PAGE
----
The first adaptation of Edna Ferber's epic historical fiction novel (published in '29) was Wesley Ruggles' Cimarron ('31) for RKO, starring Richard Dix and Irene Dunne. I watched it for the first time recently and, like most big-budget, early-sound era spectacles of the 30's and 40's, I found it engrossing and engaging on a historical-film level, yet obviously and unmistakably compromised by the heightened showbiz and silent-era amplification that took place with many of the films of that period.
It's a indisputable early sound achievement, still bearing marks of a silent picture glossed with yet to be refined transitional glitches -- muffled dialogue, pounds of make-up, stage acting, etc. It's a film that depicts the fourty years between 1889 to 1929 as an ever-changing landscape and it does it in a half-convincing manner.
Is it a great film? No, it's too played-up and put through the Hollywood romanticized wringer, but I was attracted to the idea that Yancey, an adventurer at heart, couldn't keep himself hitched in one spot and was seemingly beckoned by the unclaimed lands to the West and the life of open-range spontaneity. The flip side is portrayed when Yancey is forced to kill an old friend (The Kid) for shooting his town of Osage. "I used to ride with him, sleep with him," he says.
Like The Great Zeigfeld ('36), another "dated" Oscar winner, I found it easy to admire and slip into this as a piece of history and frankly don't understand any adamant disregard or malignant attacks against it to this day. Yes, I'll give you that Richard Dix's performance is poorly animated and hammy and that Isaiah, a teenage African American servant to Dix's Yancey Cravat, is embarrassingly stereotyped as a goofy, hard-labored, watermelon-chomping "yessum", but any claims of improper and blatant racism is simply misplaced, in my mind.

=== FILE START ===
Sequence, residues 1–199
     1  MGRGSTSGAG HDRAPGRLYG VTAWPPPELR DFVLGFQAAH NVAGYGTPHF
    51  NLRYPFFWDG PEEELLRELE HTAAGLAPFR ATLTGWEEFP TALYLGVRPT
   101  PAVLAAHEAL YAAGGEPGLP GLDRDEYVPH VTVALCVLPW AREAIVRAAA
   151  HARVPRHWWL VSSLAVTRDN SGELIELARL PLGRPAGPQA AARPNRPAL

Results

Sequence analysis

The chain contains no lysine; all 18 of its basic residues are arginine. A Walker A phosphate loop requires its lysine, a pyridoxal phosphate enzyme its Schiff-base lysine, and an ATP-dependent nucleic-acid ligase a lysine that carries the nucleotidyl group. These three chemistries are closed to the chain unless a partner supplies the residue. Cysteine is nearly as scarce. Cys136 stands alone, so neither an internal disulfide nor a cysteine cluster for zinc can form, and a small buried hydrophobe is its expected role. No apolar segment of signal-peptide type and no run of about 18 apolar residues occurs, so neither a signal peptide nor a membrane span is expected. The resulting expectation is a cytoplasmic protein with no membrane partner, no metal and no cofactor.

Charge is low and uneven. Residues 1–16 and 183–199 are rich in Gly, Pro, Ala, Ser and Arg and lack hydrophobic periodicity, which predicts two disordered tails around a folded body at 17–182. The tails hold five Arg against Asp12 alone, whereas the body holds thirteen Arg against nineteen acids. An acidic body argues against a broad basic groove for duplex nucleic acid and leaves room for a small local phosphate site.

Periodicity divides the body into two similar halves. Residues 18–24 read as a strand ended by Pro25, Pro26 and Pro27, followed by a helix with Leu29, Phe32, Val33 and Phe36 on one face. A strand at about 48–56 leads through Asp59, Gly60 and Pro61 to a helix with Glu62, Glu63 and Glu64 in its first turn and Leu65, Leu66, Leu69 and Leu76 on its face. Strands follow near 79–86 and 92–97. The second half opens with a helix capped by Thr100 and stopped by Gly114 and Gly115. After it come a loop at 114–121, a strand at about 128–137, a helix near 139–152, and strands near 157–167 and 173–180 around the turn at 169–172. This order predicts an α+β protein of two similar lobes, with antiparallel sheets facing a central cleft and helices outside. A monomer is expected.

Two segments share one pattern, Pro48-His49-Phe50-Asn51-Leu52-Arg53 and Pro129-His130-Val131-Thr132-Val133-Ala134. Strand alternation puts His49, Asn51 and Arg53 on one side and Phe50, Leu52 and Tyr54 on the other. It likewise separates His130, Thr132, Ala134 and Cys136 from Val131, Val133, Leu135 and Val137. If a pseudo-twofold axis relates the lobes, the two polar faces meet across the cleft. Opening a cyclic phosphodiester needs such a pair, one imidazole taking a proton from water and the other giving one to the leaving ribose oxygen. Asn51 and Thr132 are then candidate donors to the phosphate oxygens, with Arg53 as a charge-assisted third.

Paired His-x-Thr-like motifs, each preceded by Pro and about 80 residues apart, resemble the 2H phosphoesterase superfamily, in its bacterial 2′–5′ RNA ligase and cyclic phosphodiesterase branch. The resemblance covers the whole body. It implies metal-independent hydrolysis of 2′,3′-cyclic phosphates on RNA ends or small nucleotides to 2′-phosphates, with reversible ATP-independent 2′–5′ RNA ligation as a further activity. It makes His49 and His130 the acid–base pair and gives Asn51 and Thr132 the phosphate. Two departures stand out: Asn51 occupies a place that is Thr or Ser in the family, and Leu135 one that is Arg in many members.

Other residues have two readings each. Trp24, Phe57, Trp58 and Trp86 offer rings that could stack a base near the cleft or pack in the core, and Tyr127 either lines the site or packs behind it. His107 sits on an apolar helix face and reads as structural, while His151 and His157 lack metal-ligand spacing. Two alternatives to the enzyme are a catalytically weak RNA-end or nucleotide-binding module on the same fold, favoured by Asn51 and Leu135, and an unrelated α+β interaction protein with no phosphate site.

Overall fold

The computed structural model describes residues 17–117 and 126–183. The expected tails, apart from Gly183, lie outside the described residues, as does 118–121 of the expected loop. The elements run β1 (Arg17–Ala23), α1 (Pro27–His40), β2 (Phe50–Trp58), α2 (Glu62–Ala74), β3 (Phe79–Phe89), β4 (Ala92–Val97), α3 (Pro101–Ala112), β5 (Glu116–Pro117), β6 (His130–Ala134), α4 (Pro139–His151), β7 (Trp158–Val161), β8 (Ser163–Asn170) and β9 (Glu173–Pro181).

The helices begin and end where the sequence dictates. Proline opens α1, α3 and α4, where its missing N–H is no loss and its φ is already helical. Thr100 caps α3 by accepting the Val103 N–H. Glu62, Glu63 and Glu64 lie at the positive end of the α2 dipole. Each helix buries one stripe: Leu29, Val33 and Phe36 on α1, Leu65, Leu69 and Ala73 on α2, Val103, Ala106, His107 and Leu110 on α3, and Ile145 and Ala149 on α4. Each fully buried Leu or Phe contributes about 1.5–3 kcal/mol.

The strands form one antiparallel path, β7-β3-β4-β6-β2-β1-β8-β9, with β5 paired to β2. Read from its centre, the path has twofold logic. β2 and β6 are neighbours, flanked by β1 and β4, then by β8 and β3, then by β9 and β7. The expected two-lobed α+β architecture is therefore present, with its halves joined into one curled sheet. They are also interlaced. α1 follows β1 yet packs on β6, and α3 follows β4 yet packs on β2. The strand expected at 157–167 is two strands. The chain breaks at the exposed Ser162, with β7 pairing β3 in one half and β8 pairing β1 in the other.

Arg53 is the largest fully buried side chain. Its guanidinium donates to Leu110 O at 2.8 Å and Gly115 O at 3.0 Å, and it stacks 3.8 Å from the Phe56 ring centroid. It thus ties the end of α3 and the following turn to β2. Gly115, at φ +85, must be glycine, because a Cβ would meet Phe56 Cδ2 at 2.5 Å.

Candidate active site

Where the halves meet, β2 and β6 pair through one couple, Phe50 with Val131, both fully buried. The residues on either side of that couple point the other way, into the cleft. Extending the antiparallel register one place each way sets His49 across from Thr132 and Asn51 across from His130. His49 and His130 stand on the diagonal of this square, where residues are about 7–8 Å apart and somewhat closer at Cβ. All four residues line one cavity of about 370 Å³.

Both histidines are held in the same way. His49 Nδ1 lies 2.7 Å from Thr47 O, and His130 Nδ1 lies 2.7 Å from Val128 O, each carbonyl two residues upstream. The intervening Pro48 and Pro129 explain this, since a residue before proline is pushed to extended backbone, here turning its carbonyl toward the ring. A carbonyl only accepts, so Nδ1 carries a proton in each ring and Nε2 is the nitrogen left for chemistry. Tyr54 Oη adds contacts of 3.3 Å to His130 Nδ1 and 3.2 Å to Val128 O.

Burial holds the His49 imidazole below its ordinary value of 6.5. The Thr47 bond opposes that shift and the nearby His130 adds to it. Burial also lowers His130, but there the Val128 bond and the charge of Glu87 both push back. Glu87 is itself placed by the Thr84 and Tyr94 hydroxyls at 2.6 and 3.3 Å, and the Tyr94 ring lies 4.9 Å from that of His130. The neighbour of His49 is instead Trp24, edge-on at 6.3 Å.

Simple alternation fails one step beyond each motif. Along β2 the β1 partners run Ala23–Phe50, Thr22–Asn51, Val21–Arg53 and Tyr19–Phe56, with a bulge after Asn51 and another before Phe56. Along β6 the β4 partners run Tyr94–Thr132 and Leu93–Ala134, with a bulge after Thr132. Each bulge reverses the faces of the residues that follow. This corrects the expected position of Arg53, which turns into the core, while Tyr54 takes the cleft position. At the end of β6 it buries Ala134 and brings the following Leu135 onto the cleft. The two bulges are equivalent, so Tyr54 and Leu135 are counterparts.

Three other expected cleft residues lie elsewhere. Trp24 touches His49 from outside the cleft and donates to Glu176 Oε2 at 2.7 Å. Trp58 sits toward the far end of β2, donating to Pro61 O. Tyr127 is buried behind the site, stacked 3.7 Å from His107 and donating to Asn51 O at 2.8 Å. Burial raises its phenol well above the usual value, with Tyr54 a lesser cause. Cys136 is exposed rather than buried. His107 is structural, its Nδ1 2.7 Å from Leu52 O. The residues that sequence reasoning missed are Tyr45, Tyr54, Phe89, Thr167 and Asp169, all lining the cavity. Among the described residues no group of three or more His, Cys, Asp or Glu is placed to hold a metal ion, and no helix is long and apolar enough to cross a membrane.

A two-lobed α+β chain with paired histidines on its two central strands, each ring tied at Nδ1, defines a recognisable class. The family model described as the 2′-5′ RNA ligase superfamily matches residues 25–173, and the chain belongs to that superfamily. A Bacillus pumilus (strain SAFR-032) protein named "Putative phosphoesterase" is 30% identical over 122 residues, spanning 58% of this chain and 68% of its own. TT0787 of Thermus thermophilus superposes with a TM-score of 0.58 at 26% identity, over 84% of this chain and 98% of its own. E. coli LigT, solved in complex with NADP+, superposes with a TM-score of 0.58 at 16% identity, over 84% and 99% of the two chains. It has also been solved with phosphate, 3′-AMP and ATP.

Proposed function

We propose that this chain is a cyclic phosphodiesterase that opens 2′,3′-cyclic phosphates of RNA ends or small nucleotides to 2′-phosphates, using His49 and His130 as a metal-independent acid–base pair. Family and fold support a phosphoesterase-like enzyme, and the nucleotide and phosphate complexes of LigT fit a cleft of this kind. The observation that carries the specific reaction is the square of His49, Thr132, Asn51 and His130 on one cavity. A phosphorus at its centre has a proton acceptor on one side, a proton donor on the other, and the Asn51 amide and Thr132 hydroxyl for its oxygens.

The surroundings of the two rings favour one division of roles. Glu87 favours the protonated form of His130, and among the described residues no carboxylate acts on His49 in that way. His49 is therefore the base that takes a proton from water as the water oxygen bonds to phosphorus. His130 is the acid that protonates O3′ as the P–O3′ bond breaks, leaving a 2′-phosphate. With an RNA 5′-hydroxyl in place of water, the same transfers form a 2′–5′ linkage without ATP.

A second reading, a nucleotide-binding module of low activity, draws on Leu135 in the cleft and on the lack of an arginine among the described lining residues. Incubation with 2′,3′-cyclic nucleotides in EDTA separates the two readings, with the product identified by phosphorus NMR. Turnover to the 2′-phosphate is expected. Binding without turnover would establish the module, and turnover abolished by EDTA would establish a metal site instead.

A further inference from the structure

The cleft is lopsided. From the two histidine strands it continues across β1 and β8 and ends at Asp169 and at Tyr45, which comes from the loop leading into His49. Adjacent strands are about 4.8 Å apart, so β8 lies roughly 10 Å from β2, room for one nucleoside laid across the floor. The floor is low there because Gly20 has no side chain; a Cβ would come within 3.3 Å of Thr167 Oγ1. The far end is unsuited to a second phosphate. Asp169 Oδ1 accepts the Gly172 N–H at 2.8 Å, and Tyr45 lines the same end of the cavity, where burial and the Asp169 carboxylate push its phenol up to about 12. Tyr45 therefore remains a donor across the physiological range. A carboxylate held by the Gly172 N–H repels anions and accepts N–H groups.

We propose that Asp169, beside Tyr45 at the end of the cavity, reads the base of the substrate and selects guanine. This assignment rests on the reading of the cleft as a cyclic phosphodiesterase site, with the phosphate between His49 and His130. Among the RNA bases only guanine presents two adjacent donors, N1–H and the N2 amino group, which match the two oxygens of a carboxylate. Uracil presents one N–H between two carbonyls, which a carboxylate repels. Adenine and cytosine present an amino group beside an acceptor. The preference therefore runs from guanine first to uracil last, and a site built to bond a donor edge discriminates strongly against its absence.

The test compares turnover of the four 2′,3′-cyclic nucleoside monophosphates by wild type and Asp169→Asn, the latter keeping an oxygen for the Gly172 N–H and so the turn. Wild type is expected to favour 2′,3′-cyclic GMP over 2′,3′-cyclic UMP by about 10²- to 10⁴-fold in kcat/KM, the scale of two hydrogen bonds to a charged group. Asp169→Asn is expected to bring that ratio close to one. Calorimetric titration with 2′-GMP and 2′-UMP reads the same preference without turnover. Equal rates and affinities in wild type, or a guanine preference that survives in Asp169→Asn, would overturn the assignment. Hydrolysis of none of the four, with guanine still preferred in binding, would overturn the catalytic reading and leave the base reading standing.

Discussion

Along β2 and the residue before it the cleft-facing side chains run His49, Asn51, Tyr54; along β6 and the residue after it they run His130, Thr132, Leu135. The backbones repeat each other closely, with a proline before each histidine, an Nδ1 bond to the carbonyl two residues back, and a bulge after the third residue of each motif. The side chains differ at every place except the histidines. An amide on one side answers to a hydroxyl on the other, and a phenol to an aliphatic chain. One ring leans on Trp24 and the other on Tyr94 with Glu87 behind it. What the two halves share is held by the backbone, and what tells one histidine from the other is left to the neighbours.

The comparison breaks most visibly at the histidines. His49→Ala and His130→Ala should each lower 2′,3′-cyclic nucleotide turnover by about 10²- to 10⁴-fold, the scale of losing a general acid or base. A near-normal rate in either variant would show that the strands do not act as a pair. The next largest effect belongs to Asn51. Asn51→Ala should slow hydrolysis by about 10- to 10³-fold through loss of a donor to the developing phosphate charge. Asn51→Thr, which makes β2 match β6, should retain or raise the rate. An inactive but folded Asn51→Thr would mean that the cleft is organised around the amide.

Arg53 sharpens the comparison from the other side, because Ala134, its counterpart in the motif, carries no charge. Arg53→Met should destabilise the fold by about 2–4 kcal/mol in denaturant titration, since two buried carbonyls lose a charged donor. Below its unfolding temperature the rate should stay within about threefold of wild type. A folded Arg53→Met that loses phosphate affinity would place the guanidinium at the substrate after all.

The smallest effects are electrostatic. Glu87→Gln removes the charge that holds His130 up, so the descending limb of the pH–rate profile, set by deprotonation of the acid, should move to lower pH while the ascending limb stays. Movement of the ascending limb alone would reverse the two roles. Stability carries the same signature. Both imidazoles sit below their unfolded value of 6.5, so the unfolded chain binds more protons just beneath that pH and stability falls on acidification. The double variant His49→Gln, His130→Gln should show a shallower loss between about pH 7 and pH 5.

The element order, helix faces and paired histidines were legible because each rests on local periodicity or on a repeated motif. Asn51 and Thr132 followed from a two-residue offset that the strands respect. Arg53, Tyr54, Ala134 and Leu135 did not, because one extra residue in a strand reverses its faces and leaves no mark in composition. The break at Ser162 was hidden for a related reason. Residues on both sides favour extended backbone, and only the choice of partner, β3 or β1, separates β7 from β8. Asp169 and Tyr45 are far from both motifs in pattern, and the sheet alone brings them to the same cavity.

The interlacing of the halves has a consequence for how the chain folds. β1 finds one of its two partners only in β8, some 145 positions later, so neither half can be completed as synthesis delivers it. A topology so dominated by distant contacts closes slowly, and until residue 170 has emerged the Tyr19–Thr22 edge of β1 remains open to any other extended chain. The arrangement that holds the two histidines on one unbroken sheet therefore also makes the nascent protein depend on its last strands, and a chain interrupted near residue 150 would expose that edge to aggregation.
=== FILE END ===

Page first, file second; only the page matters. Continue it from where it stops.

I just find it hard to believe that Cimarron is a purely racist film when Yancey (Dix), the film's protagonist, is portrayed as such a radical equal rights activist in certain scenes. He mourns the death of a black character halfway through, he lets a Jew sit front-and-center at his sermon, allows his son to marry a Cherokee Indian and then practically derails his marriage over a difference of opinion in regards to Indian rights in Oklahoma.
The facts are that not only was 1931 a drastically different era in terms of racial equality, but so too was (and even more so) the turn-of-the-century land rush in which Edna Ferber's source novel takes place. It was a different time and a different place -- old people are racist no differently than old films and old literature are.